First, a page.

A few months ago as I opened the flatware drawer to grab a spoon, something made me stop and look at the contents within. Huh! I pulled out a bunch of spoons and spread them on the counter. A motley collection it was: mismatched, some slightly bent, some tarnished silverplate, one poor rough-edged piece obviously rescued from the teeth of the disposal. Most of them had ornate scrollwork on the handles, not at all my style; I prefer simple and smooth, more refined and elegant to me than the fussy swirlies on these strange spoons. Where did they come from? I know I didn’t buy them. I haven’t purchased new flatware since I was married at 20 years old. Some of those original wedding pieces were still in the drawer; some I knew had been chewed up in the garbage disposal and tossed years ago. I still had most of the original forks, knives, soup spoons, iced tea spoons. I also had eight matching pickle forks. Pickle forks that I had never used (does anyone use them?); pickle forks that I would never use in the future.
It’s funny how we collect things over time, not really noticing how things slowly accumulate, getting shoved into drawers, finding homes in closets or cabinets. Things are left behind, added to our other things, given to us as gifts (even though they’re things we’d never buy for ourselves). We keep and keep. Maybe I’ll find a use. As soon as I give it away, I just KNOW I’ll need it. I even saw a magazine pic with spoons used as garden plant markers with the plant names on the bowl of the spoon. What a great idea … that I’ll never do!
When we’re young, our parents choose our stuff for us; it’s not really our stuff; it belongs to our parents and we’re told when we can use it and how. We grow up and then we really start to accumulate our own stuff; the real fun begins! We get an education, a career. We get a spouse—and all the wedding and shower gifts to start our lives together. We get in-laws, children, a house, furniture, a garden, cars. In our 20s, 30s, 40s, we busily acquire all the stuff of life, adding and adding. Christmas lights, decorations, Halloween stuff, snow stuff, golf stuff, vacation stuff … stuff, stuff, stuff, stuff. Whew!
And then one day … we open a drawer and see all the stuff that we never really intended to acquire, the stuff that doesn’t add value and help achieve our highest and greatest good, stuff that no longer serves us well. We begin to reverse the cycle. We want less stuff, not more. We want stuff that fits us better, of our own choosing; stuff that elevates, that reflects who we are. We start divesting ourselves of all the old stuff, the things that don’t match us any longer. We release the burdens, the extra weight we’ve been carting around in life. We choose a new definition, a simpler, cleaner, more spare definition, tossing away the excess frills and fussiness that are not part of our essence, paring down to the purer sense of who we really are at the core and choosing those items that serve us better.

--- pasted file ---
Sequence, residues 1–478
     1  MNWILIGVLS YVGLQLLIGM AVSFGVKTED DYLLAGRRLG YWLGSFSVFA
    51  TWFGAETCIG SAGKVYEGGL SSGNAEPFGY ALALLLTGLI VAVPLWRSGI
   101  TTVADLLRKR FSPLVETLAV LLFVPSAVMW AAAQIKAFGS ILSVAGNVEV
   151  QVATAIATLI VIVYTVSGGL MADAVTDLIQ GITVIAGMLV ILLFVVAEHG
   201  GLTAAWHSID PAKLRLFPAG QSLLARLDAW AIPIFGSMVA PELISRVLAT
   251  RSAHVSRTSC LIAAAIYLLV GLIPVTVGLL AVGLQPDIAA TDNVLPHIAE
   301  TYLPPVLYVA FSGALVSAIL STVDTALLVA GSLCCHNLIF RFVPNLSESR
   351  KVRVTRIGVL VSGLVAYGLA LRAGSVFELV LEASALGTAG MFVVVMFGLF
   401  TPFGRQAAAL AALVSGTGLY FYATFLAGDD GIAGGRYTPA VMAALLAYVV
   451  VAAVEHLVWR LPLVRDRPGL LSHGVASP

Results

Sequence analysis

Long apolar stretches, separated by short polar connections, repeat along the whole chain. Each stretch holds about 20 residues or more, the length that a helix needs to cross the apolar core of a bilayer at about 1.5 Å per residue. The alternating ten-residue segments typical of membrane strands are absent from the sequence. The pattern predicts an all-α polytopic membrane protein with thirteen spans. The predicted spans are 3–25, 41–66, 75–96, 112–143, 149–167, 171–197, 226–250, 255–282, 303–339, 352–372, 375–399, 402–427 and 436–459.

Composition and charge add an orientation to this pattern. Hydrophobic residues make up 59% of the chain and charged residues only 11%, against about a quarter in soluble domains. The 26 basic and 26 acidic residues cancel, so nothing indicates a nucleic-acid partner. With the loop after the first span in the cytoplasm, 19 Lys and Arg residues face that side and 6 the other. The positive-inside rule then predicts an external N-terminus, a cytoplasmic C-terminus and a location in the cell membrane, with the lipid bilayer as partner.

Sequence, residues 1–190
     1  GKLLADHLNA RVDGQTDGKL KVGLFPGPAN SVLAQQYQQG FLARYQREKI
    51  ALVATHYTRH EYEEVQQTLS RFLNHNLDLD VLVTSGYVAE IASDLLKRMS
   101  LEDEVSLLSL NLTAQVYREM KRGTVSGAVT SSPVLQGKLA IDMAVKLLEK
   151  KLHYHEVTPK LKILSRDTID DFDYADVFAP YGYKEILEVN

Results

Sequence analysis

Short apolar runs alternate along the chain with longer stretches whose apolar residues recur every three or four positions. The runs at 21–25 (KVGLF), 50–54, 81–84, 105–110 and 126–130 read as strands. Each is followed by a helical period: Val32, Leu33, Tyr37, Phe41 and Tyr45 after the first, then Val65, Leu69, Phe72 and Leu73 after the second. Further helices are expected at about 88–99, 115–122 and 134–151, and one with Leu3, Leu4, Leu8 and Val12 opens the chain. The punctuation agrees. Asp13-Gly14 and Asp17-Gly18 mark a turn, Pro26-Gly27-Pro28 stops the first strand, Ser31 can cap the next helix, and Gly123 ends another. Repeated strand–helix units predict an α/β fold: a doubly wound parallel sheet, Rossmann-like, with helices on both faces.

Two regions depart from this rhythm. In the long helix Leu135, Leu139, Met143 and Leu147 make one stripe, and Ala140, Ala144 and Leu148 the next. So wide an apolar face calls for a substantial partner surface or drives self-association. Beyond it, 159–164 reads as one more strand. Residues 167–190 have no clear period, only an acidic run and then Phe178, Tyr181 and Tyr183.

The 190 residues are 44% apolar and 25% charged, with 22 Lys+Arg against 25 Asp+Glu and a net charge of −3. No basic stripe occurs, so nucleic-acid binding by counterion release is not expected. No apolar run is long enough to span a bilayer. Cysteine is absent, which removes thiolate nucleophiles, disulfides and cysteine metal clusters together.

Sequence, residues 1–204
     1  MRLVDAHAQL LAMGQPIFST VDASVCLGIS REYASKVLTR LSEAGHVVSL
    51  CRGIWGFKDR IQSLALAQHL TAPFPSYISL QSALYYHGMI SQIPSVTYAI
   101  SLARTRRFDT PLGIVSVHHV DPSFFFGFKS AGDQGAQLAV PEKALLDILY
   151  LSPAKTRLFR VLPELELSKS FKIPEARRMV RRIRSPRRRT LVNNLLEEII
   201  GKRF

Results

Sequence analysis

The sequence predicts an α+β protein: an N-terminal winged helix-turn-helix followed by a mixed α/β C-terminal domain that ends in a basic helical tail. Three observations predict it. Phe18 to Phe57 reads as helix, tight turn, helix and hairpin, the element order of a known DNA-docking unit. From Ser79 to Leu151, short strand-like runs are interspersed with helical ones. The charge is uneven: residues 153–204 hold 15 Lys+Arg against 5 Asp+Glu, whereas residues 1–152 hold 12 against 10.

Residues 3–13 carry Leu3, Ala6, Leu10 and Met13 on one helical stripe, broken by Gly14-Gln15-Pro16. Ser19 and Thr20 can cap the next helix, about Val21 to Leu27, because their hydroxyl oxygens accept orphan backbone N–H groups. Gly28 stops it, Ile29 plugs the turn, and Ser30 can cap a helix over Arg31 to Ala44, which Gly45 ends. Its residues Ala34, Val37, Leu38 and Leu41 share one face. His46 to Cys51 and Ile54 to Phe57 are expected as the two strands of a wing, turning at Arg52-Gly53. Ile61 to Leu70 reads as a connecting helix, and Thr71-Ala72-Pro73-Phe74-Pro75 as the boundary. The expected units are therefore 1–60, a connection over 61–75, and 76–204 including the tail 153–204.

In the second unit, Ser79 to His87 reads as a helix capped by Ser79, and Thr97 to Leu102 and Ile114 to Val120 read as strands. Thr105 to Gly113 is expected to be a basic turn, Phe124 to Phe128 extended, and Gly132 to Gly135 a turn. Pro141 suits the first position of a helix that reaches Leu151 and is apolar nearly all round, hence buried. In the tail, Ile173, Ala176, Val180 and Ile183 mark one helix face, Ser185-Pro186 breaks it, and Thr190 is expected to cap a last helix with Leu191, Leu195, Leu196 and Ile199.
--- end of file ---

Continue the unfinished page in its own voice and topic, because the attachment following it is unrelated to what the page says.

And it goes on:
For Christmas, my thoughtful daughter bought me a new set of matching flatware, simple, clean-lined, perfect, my first new flatware since I was a young bride. I emptied the drawer, clearing everything out, amazed at some of the odd pieces I found in there. It all went into a donation box and I washed and dried my new flatware and put it in the drawer. (Doesn’t it look beautiful in the pic above?) Then I cleaned out the utensil drawer, getting rid of things I’ve never used (I don’t cook) or didn’t need (melon baller?), putting them in the donation box, too.
It’s snowballed and I’m starting to go through closets and cabinets and drawers, releasing things that no longer serve me well, packing it all up to donate, clearing my spaces and the excess that was burdening my life. I’m intentionally choosing what stays and what goes, not just letting the accumulation take over my spaces as before. Little by little, I’m reclaiming each of these spaces, dumping out the old, clearing the clutter from my life, getting rid of the “pickle forks” that I don’t need and will never use. I’m reclaiming my sacred spaces for myself, with intention and with love for the beauty and peace of empty spaces as well as for the things of value that I choose to keep.
It’s good to regularly stop and ask ourselves “What is no longer serving me well in my life?” We need to do a periodic cleanse and determine what that is, whether it’s pickle forks, friendships, a job, a location, a pattern of behavior. May we all have a happy and clear 2011!